Project EDWARD: support from across Europe

Published Mon, 30/09/2019 - 06:14


On Thursday the 19th of September, the Highway Police organized a traffic control operation for the Edward Road trip in Ruisbroek near Brussels, which was visited by EU transport Commissioner Violeta Bulc and Road Safety Coordinator Matthew Baldwin.
On EDWARD day officers organised a traffic control operation on the highways in each province. These operations were oriented to the known killers : speeding, no seat belt, driving under the influence, and use of mobile phones.
Local police officers paid special attention to traffic safety and these known killers all day today.


Police in Bulgaria ran a National Road Safety Campaign together with main stakeholders and partners - governmental and non-governmental organizations. 
During the campaign officers completed a 24 hour speed control on the highways, and main roads to big cities and other populated areas across the whole country.


Enforcement activities focused on the most serious traffic offences which causes fatal and injury collisions: speeding, driving under the influence of alcohol or drugs, not wearing seat belts or helmets and other serious offences. Police forces across Croatia conducted enforcement operations all day. Each of the 20 Police Administrations have made their own plan to cover locations which are statistically recognised as places where more traffic collisions happen.  



Project EDWARD was included in the 3rd Limassol Motor Show & Motion. There have already been education programmes, and the target on EDWARD day was to inform and sensitize the drivers to the consequences of not obeying speed limits. During the campaign, speeding drivers were stopped by the Police, and invited to watch a short film, showing how even an additional speed of 5 kilometres an hour may be fatal.

Additionally, lectures were presented to road users with the co-operation of other Organizations, and police activities include TV broadcasts and announcements.   


There was a terrific launch event for the 2019 road trip in the capital, Prague, on Monday the 16th of September. Officers prepared a presentation of Project EDWARD and have been carrying out prevention actions all through September. Two officers were interviewed on national television on launch day, then went to the launch event where special statues had been erected of pedestrians who had been killed in Prague in 2018. All services from the city’s integrated emergency system took part – what a brilliant start to 


Denmark, Estonia and Finland are supporting Project EDWARD: 
In Denmark a police press release has been issued, as well as social media updates. 

In Finland also, there will be support through police communications channels. Students at the police university also produced a Project EDWARD video – in Finnish and English.

And Estonia has confirmed its participation.  


Gendarmerie Squadrons across France the country supported Project EDWARD. There was also an opportunity to receive a personal message of support last week from Interministerial Road Safety Delegate Emmanuel Barbe at Gendarmerie Headquarters. Also present were representatives of the FIA, Michelin and Volvo.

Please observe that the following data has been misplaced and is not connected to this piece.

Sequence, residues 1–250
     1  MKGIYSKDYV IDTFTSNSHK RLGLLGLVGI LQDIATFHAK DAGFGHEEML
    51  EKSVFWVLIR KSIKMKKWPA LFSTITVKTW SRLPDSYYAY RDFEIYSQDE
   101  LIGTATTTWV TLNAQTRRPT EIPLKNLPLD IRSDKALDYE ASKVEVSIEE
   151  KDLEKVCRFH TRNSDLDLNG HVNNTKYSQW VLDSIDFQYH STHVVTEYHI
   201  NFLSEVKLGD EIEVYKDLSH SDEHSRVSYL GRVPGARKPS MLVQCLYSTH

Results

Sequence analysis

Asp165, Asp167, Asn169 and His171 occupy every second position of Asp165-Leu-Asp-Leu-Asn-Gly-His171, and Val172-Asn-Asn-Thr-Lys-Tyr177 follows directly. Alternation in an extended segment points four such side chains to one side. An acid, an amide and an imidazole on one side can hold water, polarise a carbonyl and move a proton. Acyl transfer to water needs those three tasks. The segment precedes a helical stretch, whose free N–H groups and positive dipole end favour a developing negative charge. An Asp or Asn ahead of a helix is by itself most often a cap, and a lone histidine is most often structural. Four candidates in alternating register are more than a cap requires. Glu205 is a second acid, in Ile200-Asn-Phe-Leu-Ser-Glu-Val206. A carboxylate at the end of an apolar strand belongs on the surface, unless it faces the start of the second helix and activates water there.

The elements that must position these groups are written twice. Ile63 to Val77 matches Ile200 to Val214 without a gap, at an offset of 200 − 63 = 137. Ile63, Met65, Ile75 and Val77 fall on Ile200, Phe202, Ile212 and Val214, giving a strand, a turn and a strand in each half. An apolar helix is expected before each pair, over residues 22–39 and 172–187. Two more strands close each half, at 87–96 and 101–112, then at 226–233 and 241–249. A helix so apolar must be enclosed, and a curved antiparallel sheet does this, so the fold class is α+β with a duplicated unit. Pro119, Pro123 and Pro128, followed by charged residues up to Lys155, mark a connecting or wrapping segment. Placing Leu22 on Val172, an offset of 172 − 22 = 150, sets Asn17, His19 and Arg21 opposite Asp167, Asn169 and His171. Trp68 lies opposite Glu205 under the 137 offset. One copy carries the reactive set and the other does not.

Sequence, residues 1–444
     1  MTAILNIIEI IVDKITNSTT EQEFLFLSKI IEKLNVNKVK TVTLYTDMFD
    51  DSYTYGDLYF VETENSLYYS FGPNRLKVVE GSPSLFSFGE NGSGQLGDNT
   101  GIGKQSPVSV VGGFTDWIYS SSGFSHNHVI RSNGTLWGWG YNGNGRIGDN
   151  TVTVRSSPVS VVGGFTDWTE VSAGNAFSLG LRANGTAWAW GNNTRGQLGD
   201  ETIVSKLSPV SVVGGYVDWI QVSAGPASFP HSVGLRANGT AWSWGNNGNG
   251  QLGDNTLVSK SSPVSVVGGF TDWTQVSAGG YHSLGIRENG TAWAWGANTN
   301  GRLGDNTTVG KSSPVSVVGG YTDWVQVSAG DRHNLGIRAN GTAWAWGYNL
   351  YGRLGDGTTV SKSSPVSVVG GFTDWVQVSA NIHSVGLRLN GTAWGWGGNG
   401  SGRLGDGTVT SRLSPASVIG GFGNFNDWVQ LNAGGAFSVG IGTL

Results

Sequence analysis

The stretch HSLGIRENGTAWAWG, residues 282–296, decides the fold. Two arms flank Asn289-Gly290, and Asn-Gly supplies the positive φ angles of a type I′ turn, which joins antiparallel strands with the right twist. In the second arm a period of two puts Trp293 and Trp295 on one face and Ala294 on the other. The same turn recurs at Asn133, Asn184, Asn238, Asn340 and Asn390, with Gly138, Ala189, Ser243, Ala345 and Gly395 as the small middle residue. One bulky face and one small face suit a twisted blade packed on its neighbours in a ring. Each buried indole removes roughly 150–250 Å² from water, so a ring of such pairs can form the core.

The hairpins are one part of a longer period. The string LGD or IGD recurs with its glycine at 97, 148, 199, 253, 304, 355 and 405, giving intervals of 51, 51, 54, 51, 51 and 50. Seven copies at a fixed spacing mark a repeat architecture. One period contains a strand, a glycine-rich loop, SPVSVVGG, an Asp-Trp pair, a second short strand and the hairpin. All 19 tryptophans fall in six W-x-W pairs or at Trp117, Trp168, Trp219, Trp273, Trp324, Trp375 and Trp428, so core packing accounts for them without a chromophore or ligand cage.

France has made a fantastic contribution to our awareness-raising efforts on social media by engaging with rally star Sebastian Loeb – who has recorded a video message of support for Project EDWARD. 



Most of the16 federal states of Germany supported Project EDWARD in social media. There were several actions in September and at EDWARD DAY all over Germany. 
The road trip stopped in Mainz, in Rhineland-Palatinate state, and at the Nürburgring.
Germany has once again produced a fantastic EDWARD Video 2019 that’s on the EDWARD website. Whatever you do – please don’t miss it!



The focus in Hungary was on protecting pedestrians.  Officers had controls in towns and cities at pedestrian crossings. A campaign was running at schools about the main pedestrian traffic rules for them – including why they shouldn't use a mobile phone or headphones during road crossing.  
Some police already started a campaign against using mobile phone or headphones during roadcrossing… and other officers painted some warning signs at the pedestrian crossings. 
It was Road Safety Week in Hungary as well, and officers are encouraging road users to accept the elements of the Edward pledge. 


Ireland was of course our event host nation, and there was a cross border enforcement operation taking place with An Garda Siochana and the Police Service of Northern Ireland 
RTE’s CrimeCall TV programme featured Sergeant Dreek Cloughley explaining how road users everywhere could get behind Project EDWARD. 
As well as hosting the Symposium, Ireland wholeheartedly embraced EDWARD – with significant media support, lots of information at public events, and even radio advertisements encouraging everyone to make their EDWARD pledge. 
Inspector Peter Woods of An Garda Siochana joined the road trip across Europe,, and was also involved with the cross border trip in Ireland.
Additionally, all motorway signage has been highlighting EDWARD day and the entire Safety Camera Van fleet was deployed today at identified 'hotspots'.



•16-22 September for the entire week, on the occasion of the European mobility week, information activities in schools were organized to illustrate Project EDWARD. 
•During 26 September there were controls for speed, seat belt, baby seat, use of helmet, use of phone.